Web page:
The last command God gave the nation of Israel was in relation to the city and people of Babylon. “Seek the peace and prosperity of the city……..Pray to the Lord for it, because if it prospers you too will prosper.” (Jeremiah 29.7) This must have been a shock to hear for the Israelites.  To seek the prosperity and pray for their enemies who had been so cruel to them destroying their country and reducing Jerusalem to rubble seemed so unbelievable.  Added to that was the clause “if it prospers you too will prosper.”  What kind of a God would desire that? He reminds them that they are not there because they were just defeated by the Babylonian army but because God “carried them there.”  That phrase in mentioned three times so there being in Babylon was not a chance event or that they were merely victims of circumstances.  They were there because God wanted them there.                                                                                                                                                          

Why were they there 70 years?  God could have brought them earlier.                                                                                                                                                                  

God could have brought them back earlier.  One reason they were there so long was so they could be a witness to the ungodly nation of Babylon.  Whilst their real home was Israel they were now living in Babylon as witnesses for God.  That was God’s original purpose for Israel being in the world, that by their conduct and witness the pagan nations would be drawn to God and become believers in the one true God.  Sadly, it worked the other way round where Israel were led into idolatry through the worship of foreign gods.   On this occasion by seeking the welfare of their enemies and even praying for them it would be an amazing testimony.  It would be similar to Paul’s witness when he was in jail at Philippi.  Through his praise and prayer the jailer was moved to seek salvation and was wonderfully converted.  Like Israel in Babylon we have a double citizenship living in the world but our true home is heaven.  It is heaven where our focus should be having our values, mind and treasure there.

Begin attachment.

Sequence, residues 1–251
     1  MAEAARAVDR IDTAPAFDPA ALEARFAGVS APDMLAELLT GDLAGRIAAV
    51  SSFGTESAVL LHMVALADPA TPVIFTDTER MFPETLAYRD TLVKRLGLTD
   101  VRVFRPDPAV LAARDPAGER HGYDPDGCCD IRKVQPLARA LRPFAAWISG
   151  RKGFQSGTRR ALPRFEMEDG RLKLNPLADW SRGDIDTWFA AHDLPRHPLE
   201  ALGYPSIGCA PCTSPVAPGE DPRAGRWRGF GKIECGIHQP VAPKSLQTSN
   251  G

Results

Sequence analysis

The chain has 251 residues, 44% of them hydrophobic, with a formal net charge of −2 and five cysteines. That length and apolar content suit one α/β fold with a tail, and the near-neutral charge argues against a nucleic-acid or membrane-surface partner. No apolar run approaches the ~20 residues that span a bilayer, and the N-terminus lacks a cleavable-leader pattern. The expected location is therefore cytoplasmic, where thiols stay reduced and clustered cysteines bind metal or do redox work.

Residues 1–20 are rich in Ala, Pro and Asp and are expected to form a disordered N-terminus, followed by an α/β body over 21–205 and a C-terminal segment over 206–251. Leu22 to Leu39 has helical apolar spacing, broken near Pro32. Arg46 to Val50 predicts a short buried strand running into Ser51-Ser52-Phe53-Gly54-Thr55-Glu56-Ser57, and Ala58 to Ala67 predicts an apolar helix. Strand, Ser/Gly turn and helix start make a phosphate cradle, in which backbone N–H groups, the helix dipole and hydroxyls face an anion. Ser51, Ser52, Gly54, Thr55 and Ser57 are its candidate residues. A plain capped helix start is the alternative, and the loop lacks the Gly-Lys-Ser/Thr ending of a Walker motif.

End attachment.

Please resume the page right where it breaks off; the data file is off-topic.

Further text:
So what is our role in the world?  We are ambassadors for Christ being his representatives of his kingdom.  We are also his witnesses in the world sharing his message with our lips but also his life through our actions.  Our witness and lives aren’t enough to be truly effective in winning the lost. God commanded Israel to pray for the Babylonians.  Pray releases God’s power to save people, it can’t be done in our strength alone.  We do the possible and God does the impossible.  God commanded them to pray especially for nation of Babylon.  Our country is going through many difficult problems and crisis at the moment and needs our prayer.  In 1 Timothy 2:1-2 we are urged to pray for kings and all those in authority.  It is difficult knowing what to pray for in relation to our country at the moment with so many important issues.  I have found the prayers supplied by Care very helpful.  There are ten prayers on different topics, and I just pray a couple a day which covers Monday to Friday.  You can use them in any way you want.  It is an excellent way to pray for our country.  I have leaflets with their prayers written on them on the table.

We rejoice in expectation at God’s plan for us in the future.  That time that will be filled with perfect prosperity, glorious hope, and an eternal future with God on the new heaven and earth with no suffering, sorrow, sickness, tears, sin and death.  God desires that we should look forward to that with great anticipation.   He also wants to us to embrace fully his plan and purpose for us now on the earth.  We have covered the three main issues he wants us to make a priority.                                                

Firstly, our personal relationship and walk with God centring on our daily surrender and wholehearted trust in him.  That should be our first priority. Secondly, the plan for building up our holy faith by maintaining a fervent love for God, a continual transformation into the likeness of Christ and living in the Spirit so that his fruit of can be clearly seen in our lives.     

Thirdly, the plan to be salt and light in our witness in the world, fulfilling our role in praying both for individuals and our nation that God’s kingdom will come on earth as it is in heaven.  May God enable us to fulfil his plan for us in the world.  Will you sign up for God’s plan today?




  • Our speaker next week at 10.15am will be David Ansell.
  • Prayer Cards for February are now available.
  • Please be reminded that besides being available on-line on Zoom, our services can be heard by dialling in to a Conference Call number from any telephone. Details available on request to the Church Secretary.


“Where, O death, is your victory? Where, O death, is your sting?” The sting of death is sin, and the power of sin is the law. But thanks be to God! He gives us the victory through our Lord Jesus Christ.
1 Corinthians 15:55-57